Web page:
Besides basic and repeating events, DB5 uses floating events (hybrids of appointments and todos) that move with time until completed. Fonts, from tiny to huge, can be selected on hi res devices in most displays, including in OS 5 devices from PalmOne. Categories can be given unique color schemes, icons, and be filtered across displays, making them a very powerful tool.

Powerful linking fulfills another of my listed requirements, and is basic to any contact manager. In Datebk5, events can be linked to a large number of address book entries, memos, or todos, or combinations of them. I use this to list all meeting participants, especially in recurring meetings, so that I have their information instantly available if a particular meeting should change. Each appointment can be logged to the address book entry along with descriptive text in a note, providing a history of events concerning each contact. Highlighting a name in an event and tapping the link icon will search the address book for that individual so their entry can be linked. These, together with other features, make Datebk5's contact management superior to other apps that are sold as contact managers.

One of the most powerful and unique features Datebk5 sports is the ability to categorize datebook entries. I've already alluded to that, but here's a powerful application of that capability. You can categorize entire schedules by individual, enabling the tracking of multiple people's calendars across devices. For example, a husband and wife, both using DB5, could beam their calendars to each other to synchronize their schedules. Both calendars are fully editable, unlike Palm's DualDate. Using programs like PocketMirror or DesktopToGo to Hotsync with MS Outlook, you can even synchronize the categories to the desktop. The latest Contacts app from PalmSource also handles categories, albeit in a rudimentary way. It doesn't come close to DB5’s power and flexibility.

Other features include built-in, context-sensitive help for virtually every screen and dialog box; advanced notice for appointments and todos; templates to speed regular appointment entries; saving tailored list view data to memos; and advanced beaming. Datebk5 comes with a 100+ page manual that not only explains each and every feature, but also provides practical applications for key features. CESD sets the industry standard for support, visiting the Yahoo! forum virtually every day. That's where the beta preview versions can be obtained. CESD's betas are generally more stable than other companies' re lease versions.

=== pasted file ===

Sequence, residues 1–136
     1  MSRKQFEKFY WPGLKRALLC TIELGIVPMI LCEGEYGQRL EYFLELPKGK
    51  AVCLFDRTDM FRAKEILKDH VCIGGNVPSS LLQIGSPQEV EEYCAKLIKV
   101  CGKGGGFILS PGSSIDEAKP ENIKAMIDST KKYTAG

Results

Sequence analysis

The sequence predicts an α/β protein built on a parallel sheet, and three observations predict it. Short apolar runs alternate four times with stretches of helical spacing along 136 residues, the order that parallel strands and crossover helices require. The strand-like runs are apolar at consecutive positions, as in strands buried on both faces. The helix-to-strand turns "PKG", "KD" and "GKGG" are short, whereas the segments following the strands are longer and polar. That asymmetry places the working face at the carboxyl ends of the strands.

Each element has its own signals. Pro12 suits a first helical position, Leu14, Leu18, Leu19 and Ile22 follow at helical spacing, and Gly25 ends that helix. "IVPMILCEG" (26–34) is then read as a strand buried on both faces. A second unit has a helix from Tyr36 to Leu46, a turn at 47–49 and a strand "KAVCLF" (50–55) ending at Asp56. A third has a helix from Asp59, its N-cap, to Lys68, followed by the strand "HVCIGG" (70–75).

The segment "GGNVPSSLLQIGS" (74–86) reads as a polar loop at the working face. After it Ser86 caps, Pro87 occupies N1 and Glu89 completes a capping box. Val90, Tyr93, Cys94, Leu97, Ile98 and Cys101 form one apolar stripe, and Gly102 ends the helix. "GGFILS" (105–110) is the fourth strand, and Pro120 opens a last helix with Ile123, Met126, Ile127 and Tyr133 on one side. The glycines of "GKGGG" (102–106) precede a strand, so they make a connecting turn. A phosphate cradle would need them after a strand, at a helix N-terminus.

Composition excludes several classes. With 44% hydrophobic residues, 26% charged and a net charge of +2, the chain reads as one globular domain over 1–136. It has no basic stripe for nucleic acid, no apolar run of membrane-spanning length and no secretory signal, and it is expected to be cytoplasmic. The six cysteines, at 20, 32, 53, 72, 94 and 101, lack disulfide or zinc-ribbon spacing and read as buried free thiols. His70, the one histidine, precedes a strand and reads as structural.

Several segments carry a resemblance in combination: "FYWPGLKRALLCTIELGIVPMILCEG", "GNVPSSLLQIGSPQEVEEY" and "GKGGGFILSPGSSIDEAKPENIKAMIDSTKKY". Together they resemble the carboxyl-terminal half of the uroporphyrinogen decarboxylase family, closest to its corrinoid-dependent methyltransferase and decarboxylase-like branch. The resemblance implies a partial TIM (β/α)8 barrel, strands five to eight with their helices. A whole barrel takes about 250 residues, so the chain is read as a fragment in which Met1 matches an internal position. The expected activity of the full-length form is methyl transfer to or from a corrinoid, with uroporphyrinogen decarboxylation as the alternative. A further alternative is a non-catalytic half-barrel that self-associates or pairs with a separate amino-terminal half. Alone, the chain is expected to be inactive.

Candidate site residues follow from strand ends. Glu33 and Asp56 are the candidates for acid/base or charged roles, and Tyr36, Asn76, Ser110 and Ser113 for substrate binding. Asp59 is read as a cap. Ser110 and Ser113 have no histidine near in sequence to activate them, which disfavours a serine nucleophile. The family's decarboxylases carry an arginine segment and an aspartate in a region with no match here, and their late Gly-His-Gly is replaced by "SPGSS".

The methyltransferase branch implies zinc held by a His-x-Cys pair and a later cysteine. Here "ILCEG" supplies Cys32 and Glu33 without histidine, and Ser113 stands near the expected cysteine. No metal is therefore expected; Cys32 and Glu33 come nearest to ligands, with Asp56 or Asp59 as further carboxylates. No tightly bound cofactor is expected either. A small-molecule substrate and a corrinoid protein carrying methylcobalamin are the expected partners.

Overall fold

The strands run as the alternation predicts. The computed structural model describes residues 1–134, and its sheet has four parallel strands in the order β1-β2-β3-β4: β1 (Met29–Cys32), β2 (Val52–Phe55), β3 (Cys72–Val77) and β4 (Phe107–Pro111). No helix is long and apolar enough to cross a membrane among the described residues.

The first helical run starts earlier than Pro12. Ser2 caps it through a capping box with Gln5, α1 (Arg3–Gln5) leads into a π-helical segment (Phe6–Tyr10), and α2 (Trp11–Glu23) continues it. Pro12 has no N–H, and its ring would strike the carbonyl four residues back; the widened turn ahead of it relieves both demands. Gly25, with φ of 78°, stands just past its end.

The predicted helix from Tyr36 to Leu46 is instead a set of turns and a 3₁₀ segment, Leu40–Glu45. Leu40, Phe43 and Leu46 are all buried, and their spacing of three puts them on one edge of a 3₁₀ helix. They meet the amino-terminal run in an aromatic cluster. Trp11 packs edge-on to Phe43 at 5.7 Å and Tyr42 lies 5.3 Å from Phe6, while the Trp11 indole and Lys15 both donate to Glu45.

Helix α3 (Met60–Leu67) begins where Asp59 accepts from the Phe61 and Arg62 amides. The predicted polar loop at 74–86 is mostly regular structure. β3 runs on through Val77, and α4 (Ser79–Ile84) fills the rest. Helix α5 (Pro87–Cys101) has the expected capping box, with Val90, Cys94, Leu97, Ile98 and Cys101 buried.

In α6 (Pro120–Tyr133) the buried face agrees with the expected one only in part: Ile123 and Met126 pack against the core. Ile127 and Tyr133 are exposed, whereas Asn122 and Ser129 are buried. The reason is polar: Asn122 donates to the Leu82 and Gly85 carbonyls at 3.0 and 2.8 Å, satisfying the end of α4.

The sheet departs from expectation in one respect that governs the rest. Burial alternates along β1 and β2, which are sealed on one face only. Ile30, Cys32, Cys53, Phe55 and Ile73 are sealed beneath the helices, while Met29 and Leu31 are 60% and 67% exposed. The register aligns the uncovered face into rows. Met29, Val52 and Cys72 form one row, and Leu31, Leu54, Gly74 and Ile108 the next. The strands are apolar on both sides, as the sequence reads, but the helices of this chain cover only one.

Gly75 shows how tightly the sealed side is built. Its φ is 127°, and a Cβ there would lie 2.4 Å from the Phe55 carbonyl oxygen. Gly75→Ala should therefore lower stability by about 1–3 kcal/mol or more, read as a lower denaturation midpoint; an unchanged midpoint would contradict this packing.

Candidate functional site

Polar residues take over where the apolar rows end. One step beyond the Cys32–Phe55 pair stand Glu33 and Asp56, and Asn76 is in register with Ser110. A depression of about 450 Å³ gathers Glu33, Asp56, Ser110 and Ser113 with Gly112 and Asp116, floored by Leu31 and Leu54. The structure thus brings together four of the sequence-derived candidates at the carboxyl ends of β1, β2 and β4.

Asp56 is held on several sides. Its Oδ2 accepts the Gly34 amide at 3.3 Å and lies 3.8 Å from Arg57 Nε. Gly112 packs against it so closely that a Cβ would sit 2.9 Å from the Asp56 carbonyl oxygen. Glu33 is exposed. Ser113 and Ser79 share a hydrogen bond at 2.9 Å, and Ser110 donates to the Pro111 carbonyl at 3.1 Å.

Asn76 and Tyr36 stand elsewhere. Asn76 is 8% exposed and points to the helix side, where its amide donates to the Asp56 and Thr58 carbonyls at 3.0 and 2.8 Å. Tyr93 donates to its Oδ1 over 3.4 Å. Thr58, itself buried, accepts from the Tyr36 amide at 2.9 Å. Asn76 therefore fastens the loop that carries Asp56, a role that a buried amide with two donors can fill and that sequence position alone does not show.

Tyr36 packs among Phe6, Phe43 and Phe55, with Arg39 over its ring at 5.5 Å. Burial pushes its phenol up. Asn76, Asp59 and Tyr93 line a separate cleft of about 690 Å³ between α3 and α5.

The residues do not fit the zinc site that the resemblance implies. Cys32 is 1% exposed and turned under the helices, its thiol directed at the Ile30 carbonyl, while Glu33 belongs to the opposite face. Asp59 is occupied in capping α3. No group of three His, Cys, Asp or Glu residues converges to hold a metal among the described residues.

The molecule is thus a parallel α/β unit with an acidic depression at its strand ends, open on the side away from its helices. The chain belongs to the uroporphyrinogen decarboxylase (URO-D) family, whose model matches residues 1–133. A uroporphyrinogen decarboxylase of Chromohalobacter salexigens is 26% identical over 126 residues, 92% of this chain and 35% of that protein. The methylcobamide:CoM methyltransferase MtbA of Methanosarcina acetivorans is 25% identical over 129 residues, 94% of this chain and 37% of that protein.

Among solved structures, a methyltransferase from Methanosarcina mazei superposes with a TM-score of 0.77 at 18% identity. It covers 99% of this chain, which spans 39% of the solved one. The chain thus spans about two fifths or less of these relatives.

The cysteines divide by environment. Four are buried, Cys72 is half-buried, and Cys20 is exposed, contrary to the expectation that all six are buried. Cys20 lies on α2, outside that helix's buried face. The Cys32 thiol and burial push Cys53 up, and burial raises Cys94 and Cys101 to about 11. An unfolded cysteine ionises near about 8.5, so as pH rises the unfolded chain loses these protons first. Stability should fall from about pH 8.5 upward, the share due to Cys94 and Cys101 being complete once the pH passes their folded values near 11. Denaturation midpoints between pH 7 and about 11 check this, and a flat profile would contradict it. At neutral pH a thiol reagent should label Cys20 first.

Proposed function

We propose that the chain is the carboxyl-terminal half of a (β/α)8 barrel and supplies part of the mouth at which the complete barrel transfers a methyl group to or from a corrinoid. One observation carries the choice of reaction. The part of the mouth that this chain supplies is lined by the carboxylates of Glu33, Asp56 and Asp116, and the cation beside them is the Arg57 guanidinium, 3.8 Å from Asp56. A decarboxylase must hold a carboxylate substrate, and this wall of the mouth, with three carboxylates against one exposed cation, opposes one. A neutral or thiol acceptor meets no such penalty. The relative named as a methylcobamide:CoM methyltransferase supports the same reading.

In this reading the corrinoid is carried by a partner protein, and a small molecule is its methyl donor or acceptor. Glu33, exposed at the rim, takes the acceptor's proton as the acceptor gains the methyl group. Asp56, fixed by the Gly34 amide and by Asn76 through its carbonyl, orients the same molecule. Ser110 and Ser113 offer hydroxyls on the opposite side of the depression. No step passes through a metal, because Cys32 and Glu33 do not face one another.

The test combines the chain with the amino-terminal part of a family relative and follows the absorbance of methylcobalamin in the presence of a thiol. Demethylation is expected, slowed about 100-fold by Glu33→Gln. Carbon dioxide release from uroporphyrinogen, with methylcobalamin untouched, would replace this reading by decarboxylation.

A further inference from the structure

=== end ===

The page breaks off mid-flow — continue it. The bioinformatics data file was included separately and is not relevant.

Datebk5 continues to support every Palm OS device on the market as they appear. This includes the T3 DIA, portrait, landscape, etc., as well as Treo 600-series navigation. OS 6 support is already in the works. CESD has spent an incredible amount of time reverse engineering PalmSource's buggy data manager patch that links the new Palm conduits with the legacy Palm PIM databases. This resulted in an incredibly stable and reliable schedule, task, and contact application.

Unfortunately, this brief review has barely touched Datebk5's power and feature set. At $24.95, Datebk5 is a steal and all proceeds go to wildlife conservation. In fact, Gorilla Haven recently accepted their first resident, Joe. DB5 played a significant role in bringing this dream to fruition.

My business life literally revolves around Datebk5’s incredible power and flexibility. I cannot recommend any application more highly than Datebk5!

Pros:

Easy transition from built-in Datebook

Easy to use

Extremely configurable

Very powerful

Tremendous connectivity between appointments, contacts, tasks, and memos

Cons:

Doesn't make my lunch for me—yet!